Flatlands Civic Prez Calls For More Cash to Power Activists

By Charles Hack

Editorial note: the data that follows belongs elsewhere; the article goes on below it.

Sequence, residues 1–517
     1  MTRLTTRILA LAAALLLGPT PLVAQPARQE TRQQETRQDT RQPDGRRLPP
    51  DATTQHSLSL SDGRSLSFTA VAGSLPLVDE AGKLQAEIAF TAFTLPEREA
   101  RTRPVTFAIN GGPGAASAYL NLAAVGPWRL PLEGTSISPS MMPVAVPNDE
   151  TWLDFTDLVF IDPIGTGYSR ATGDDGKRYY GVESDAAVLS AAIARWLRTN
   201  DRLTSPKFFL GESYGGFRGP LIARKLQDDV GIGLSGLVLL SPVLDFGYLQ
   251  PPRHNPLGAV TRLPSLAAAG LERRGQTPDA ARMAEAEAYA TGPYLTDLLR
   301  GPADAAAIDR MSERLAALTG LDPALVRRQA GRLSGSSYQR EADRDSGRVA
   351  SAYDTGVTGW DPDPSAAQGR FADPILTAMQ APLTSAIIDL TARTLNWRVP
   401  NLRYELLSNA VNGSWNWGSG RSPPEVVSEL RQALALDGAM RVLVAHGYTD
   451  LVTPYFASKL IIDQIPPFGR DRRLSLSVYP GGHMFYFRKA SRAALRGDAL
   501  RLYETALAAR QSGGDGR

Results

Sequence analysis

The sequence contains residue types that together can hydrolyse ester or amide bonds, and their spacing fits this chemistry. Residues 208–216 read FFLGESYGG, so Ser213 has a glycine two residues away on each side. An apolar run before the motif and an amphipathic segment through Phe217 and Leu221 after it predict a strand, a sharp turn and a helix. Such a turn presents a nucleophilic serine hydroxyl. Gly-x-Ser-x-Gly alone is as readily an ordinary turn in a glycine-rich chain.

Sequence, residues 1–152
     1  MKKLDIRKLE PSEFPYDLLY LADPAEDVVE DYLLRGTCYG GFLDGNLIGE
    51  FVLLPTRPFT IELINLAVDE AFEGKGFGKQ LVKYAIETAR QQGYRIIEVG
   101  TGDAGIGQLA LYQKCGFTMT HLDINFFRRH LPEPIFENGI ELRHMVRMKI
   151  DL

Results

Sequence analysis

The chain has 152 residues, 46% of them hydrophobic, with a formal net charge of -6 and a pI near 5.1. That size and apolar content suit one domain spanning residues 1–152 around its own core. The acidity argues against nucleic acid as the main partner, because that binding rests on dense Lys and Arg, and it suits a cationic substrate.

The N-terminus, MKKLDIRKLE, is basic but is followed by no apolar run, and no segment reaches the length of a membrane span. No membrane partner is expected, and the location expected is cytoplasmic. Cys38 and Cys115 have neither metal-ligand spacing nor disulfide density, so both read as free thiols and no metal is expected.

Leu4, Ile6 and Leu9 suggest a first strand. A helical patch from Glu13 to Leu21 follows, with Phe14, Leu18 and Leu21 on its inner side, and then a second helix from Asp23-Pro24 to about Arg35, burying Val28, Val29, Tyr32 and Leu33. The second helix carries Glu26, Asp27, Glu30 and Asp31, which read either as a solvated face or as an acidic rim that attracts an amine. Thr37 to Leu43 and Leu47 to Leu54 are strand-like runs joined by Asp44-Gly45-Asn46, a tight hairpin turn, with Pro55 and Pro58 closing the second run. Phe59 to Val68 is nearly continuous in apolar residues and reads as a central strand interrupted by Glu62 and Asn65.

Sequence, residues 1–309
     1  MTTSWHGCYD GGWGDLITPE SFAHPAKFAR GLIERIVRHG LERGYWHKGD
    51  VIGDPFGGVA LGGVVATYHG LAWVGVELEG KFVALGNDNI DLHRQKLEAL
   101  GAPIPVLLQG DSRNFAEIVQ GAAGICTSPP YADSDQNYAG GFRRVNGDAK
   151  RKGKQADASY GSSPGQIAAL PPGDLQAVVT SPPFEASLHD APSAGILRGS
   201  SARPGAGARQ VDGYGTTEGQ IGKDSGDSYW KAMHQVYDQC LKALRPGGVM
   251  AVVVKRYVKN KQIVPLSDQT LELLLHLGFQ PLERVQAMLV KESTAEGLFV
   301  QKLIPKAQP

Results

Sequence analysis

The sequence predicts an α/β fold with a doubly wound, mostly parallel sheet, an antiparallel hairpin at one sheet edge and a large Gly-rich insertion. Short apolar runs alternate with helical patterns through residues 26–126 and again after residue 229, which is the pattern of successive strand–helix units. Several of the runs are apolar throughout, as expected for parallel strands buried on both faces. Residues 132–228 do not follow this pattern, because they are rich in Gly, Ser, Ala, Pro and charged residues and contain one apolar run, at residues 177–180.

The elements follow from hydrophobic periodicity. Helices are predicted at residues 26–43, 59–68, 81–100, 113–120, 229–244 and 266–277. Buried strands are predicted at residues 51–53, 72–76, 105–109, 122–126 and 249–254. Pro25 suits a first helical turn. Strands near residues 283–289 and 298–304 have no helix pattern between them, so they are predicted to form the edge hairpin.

President-elect Aiden Pursoo of the Flatlands Civic Association wants a stronger and better funded association under his leadership. Pursoo talked about the need for more fundraisers, and reviewing the association’s constitution at the meeting held at the Flatlands Civic Association at the Glenwood Senior Center at 5701 Ave. H on Jan. 26. Pursoo, editor of the monthly newsletter, The Lantern, and former public relations officer for the association, was elected in December as the new president. He said he wants to open a dialogue with members. He also spoke of the need for hosting informational events that engage the community. The first event for the new year will be a talk by a guest speaker in March on drug plans under Medicare Part D, because the May 15 deadline for seniors to select their drug plans is fast approaching. “We need to know exactly what we are supposed to do and when we have to do it,” said Pursoo. “So that we can get the most out of the new plan.” The civic association is also updating its constitution to make the group stronger, he said. A special board meeting was held on Jan. 12. to recommend updates for the full board to vote on. “We do have a few recommendations and the general body will vote on it,” see Pursoo. “Once we get those passed we will go to the next step of making it a legal document.” Secretary Ancilla Friday announced a number of proposed amendments to the constitution including increasing dues from $5 to $10 — to match the current charges. Pursoo stressed the need to raise funds through subscriptions and fundraisers to pay for services such as publishing The Lantern and providing refreshments at meetings. “We already had a change in the dues,” said Pursoo. “But it wasn’t written into the constitution, so that was fixed.” Article five of the constitution was also amended to state that elections would be held by paper ballot. The board voted to approve consolidating officers’ positions to make the board more streamlined. These included consolidating the treasurer and financial secretary positions, and merging the corresponding and recording secretary jobs under one secretarial title. But the board voted to retain second and third vice presidents. It was decided to retain up to 10 members at large, and to omit the name of the chair – currently vacant — from all correspondence until the position is filled. It was also decided to create a hospitality committee. In addition, the board voted that each board member must serve on at least one committee, and to prepare a job description for the secretary and public relations officer — because there had been some overlap in their responsibilities. Pursoo played these changes down. “These are minor changes that do not affect the running of the organization,” said Pursoo. “We are able to combine certain positions based on the number of people we have.” The association voted to accept the resignation of Joseph Burke as treasurer. Theresa McElroy replaces Kim Chavez as the 63rd Precinct community affairs officer. McElroy said that she would report back next meeting on how an investigation was going of a drive-by shooting, in which shots were fired at midday into a parked SUV on E. 57th Street between Avenues H and I. “It is very unusual to see or hear such a thing,” said Pursoo. Civic association member Marion Mazur said that someone had created a nightclub at a house near the corner of East 58th Street and Flatlands Avenue, and the pounding music was bothering her. She also pointed out that a large number of cars were parking up and down the street. “At weekends they start at 12 and go to all hours of the morning,” said Mazur. “My house shakes.” McElroy said that her precinct would investigate the problem, but to serve a summons they must observe the problem for at least 10 minutes. The community officer also warned residents to take care and not leave their cars unlocked or keys in the ignition when dropping into a store. This gives enough time for thieves to take something of value, such as keys or a pocket book. “You don’t need the hassle of canceling your credit card, or going to the precinct to make a report,” said McElroy. “Just lock the door; it takes just two seconds.” But overall, McElroy said that this year so far appeared calmer in the precinct than the previous year. Pursoo advised residents to be careful with identity theft, having become a victim himself. Someone opened a credit card account in his name using their own password and out-of-Brooklyn address. With a report, the credit card company cancelled the card, to avoid further transactions. Pursoo said that after closing the account, he arranged for the credit bureaus to not allow anyone to open a credit card in his name without direct authorization from him. “You’ve heard about it, you’ve read about it, but it’s real,” said Pursoo. “You have to be very careful.”

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